With few exceptions the pregnant woman’s health status is virtually ignored once the twins are determined to have TTTS. Both the doctors and couples focus on the ultrasound findings and condition of the babies.
There are things that mothers can do to benefit the babies and themselves right away, which may play a role in the outcome of TTTS pregnancies. These are related to changes in diet and activity.
Because of polyhydramnios, the uterus is enlarged beyond what it would be for the current gestational week for multiples. The mother is at increased risk for pre-term labor beyond what a mother with multiples would ordinarily experience. Upright positioning adds pressure on the cervix and should be avoided. Checking the cervix and putting in a cerclage has helped save as much as 25% of TTTS babies because of the weakened cervix. It is crucial for the cervix to be checked every visit by ultrasound. Having the mother lay on her left side, on the couch, in bed, in a recliner, outside on a lawn chair, on the floor with her kids, helps reduce pressure to the cervix and prevent pre-term delivery. We highly recommend parents to also call the National Sidelines Organization and order one of their packets on bed rest. We have enclosed some of their information for you to read at this time.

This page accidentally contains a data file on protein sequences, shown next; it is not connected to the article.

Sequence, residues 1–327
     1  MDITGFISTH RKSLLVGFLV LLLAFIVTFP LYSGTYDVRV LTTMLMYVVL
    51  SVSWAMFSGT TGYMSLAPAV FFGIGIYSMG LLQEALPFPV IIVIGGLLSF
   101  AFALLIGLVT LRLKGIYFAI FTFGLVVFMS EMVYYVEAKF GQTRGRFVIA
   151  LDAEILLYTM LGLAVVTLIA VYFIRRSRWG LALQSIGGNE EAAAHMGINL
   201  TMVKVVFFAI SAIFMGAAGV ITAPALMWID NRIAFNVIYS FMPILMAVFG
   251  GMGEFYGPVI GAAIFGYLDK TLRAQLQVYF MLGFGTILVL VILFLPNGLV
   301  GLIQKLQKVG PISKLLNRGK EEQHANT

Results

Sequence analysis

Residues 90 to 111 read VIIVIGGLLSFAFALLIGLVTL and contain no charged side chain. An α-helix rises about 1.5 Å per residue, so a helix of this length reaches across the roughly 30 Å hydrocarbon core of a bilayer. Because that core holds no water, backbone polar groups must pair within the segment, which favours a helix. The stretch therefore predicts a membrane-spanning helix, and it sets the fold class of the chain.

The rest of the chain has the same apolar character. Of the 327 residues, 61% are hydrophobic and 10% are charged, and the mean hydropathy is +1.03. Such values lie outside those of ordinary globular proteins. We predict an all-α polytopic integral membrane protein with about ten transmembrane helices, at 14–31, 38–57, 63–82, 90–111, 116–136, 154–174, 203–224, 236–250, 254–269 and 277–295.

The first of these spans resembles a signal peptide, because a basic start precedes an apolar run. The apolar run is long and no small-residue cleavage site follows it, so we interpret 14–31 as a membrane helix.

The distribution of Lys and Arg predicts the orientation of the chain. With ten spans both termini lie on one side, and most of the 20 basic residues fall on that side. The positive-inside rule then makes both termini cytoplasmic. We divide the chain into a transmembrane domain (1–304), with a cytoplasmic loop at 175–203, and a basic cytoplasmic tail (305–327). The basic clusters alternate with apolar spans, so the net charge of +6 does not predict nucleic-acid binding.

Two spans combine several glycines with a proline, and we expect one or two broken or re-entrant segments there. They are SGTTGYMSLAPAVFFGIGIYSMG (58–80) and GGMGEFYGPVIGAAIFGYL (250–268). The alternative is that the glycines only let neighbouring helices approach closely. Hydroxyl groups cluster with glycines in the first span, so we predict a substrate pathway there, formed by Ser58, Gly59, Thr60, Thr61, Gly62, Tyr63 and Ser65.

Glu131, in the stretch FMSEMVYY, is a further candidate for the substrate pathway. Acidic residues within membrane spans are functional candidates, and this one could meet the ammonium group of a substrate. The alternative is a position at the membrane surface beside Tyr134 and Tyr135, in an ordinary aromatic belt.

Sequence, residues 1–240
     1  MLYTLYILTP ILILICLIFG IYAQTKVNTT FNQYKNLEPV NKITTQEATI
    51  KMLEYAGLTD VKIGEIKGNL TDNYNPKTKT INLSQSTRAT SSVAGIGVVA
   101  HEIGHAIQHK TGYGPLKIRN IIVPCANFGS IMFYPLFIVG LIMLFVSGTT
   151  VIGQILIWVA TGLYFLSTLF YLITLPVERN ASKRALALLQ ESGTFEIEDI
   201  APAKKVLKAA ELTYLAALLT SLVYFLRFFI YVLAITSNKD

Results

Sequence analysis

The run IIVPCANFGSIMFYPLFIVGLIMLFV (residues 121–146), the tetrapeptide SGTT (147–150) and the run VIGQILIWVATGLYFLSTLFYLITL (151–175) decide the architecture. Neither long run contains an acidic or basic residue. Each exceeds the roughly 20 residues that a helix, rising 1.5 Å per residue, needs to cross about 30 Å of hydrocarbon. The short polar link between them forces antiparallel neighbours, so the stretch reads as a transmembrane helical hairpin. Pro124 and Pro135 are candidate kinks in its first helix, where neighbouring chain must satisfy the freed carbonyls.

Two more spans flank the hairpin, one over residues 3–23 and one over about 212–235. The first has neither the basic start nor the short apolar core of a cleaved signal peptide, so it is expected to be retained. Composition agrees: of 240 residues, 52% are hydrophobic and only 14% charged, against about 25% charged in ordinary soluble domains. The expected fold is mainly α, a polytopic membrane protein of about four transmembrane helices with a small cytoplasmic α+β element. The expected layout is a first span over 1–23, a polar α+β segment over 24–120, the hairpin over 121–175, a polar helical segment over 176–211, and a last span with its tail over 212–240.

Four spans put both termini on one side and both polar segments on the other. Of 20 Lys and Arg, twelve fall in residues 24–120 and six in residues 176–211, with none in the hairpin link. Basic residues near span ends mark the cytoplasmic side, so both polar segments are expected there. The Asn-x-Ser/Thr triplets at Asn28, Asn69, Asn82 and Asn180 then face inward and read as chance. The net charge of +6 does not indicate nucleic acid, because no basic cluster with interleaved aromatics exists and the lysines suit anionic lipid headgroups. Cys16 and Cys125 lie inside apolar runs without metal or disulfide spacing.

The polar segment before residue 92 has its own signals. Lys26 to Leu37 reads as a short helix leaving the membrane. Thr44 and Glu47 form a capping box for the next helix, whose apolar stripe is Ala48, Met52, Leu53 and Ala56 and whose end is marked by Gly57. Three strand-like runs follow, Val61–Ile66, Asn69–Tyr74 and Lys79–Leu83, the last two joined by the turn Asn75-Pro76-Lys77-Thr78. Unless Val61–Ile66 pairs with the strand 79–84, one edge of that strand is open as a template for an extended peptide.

Dr. Julian De Lia has investigated the nutritional aspects of TTTS. He recommends that his patients drink 3 cans per day of either Boost or Ensure High Protein in addition to their meals. Dr. De Lia explains, "TTTS patients at mid-pregnancy have severe hypoproteinemia and anemia. These maternal metabolic parameters may influence fetal TTTS characteristics and explain maternal sensitivity to intravenous fluid in complicated multiple pregnancies in general. We believe our data are sufficient to support the use of nutritional supplements in the management of early (monochorionic twins with subtle growth and amniotic fluid differences) and severe TTTS regardless of specific invasive therapy used (i.e., fetoscopic placental laser surgery, reduction amniocentesis, septostomy, etc.)
We have seen nutritional therapy and rest help many women. Not only do they begin to feel better, not being malnourished anymore, but in some, the signs of the TTTS go away! Nutritional therapy has helped avoid laser surgery or other treatments. Mothers also feel immediate relief that there is something they can do right away to help their babies.
Based on our contact with thousands of TTTS pregnancies and the research being done by Dr. De Lia and his staff at the International Institute for the Treatment of TTTS, this is extremely important information.